Island between the mouth of the River Amazon and the Rio do Pará, Brazil. It covers an area of approximately 48,000 sq. km and is almost completely flat, apart from a few low hillocks; its south-western half is covered in forest, while the rest is open country, with some forested tracts in the littoral areas and along the rivers. In the rainy season poor drainage turns the fields into an immense lake. Over a long period Marajó’s archaeological wealth attracted explorers, whose expeditions resulted in several collections now in various museums. The earliest systematic investigation was by Betty Meggers and Clifford Evans in 1948–9 and resulted in the first complete survey of the prehistoric occupation of the island. Excavations carried out for the Museu Paranese Emilio Goeldi, Belém, in the 1960s under the direction of N. Figueiredo and M. Simões complemented and enlarged upon these findings. Archaeological evidence suggests that the island was the site of successive occupations represented by a sequence of five phases beginning ...
Fernanda de Araujo Costa and Trent Barnes
John R. Topic
Site of Pre-Columbian culture, flourishing c.
Max Uhle visited the site in 1900 and made the first scientifically recorded collections; in 1941 Theodore D. McCown made an extensive study of the ruins, collecting more artefacts. Both their collections are housed in the Robert H. Lowie Museum of Anthropology at the University of California, Berkeley. John P. Thatcher conducted surveys in the late 1960s and early 1970s, and a Canadian project directed by John and Theresa Topic, with the collaboration of ...
Mary Ellen Miller
Pre-Hispanic Mesoamerican peoples, whose culture flourished in parts of what are now Mexico, Guatemala, Belize, Honduras, and El Salvador from 3000
Jeff Karl Kowalski and Trent Barnes
Site of Pre-Columbian
Maya city of the Late Post-Classic period (c.
Robert D. Drennan, H. B. Nicholson, Elizabeth Baquedano, Peter W. Stahl, Eloise Quiñones Keber, Christine Niederberger, Muriel Porter-Weaver, David M. Jones, Paul Gendrop, Richard F. Townsend, H. Stanley Loten, Phil C. Weigand, Emily Umberger, Beatriz de la Fuente, Elizabeth Hill Boone, >Nelly Gutiérrez Solana, Elizabeth K. Easby, Anthony Alan Shelton, Christian F. Feest, Warwick Bray, Kieran Costello, Roberto Rivera y Rivera, José Alcina Franch, Patricia Rieff Anawalt, Lawrence G. Desmond and Hasso Von Winning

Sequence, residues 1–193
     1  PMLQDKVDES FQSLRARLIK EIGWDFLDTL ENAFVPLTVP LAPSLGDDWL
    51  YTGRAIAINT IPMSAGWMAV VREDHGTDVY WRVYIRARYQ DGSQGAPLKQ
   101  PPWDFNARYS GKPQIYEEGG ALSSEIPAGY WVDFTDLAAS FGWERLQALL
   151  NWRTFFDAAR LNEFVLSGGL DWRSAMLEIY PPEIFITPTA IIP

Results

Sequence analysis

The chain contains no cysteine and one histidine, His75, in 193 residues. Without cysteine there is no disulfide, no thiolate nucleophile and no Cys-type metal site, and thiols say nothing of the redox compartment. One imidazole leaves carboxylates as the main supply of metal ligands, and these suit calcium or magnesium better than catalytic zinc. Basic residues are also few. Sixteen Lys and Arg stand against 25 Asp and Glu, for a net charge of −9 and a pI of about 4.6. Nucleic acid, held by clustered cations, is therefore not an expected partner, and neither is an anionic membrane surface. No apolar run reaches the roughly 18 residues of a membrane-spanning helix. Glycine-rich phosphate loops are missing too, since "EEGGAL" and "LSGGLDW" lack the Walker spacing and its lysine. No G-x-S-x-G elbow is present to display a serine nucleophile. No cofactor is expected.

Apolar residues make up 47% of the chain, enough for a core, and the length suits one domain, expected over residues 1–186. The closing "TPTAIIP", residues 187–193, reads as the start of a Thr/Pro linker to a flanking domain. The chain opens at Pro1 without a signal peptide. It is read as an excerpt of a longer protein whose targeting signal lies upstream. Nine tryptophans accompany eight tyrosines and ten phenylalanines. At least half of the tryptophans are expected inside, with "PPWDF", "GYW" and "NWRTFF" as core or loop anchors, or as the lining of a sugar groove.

Term used to designate the Pre-Columbian region comprising present-day central and central-southern Mexico, the Yucatán Peninsula, Guatemala, Belize and El Salvador, and parts of Honduras, Nicaragua and Costa Rica. Culturally it was one of two New World areas where civilization developed (the other being the central Andes, home of the Incas; see South America, Pre-Columbian, §III). In Mesoamerica a set of technological, social, economic, religious and political traits was shared by several different cultures, including the Aztec, Huastec, Maya, Mixtec, Tarascan, Teotihuacán, Toltec, Totonac, West Mexican and Zapotec. This set of cultural traits is recognizable as early as 1500
The northern boundary of Mesoamerica corresponded approximately to the northern limit of sufficient rainfall for reliable agriculture, and this was always the most clearly defined of its frontiers (...
Maria-Isabel Silva, Colin McEwan and Trent Barnes
Pre-Columbian culture that developed in the Guayas River basin of coastal Ecuador during the period c.
Elizabeth P. Benson and Trent Barnes
Site of Pre-Columbian
Maya city in the lowland forests of northern Petén, Guatemala. It flourished c. 150
John Paddock and Trent Barnes
Site of a Pre-Columbian
Mixtec city in the eastern arm of the Valley of Oaxaca, Mexico. Much confusion about Mitla has resulted from what Fray Francisco de Burgoa wrote about it some 150 years after the Spanish Conquest. Burgoa was deceived by the biased account he received from its colonial rulers, who recalled the name of only one Pre-Columbian ruler—a Mixtec. Excavations have revealed that Mitla was a small Zapotec town around
Mitla (Nahuatl: ‘Arrow place’, a corruption of ‘Miquitla’, ‘Death place’, which was a rough translation of Zapotec ‘Lyobaa’, ‘Inside-tomb’) comprises groups of surviving palaces and platforms that are a late part of the ancient community, most of which lies under the modern town. The area has been inhabited at least since ...
Term commonly used for a people and an aesthetic tradition that flourished during the Late Post-Classic period (c.
In late Pre-Columbian times Mixtec speakers were organized into a series of essentially autonomous city states. This political fragmentation was probably related, at least in part, to the mountainous, broken topography of much of their territory. Often in conflict, they were also frequently confederated by dynastic alliances. By the time of the Spanish Conquest most Mixtec city states had been conquered by the ...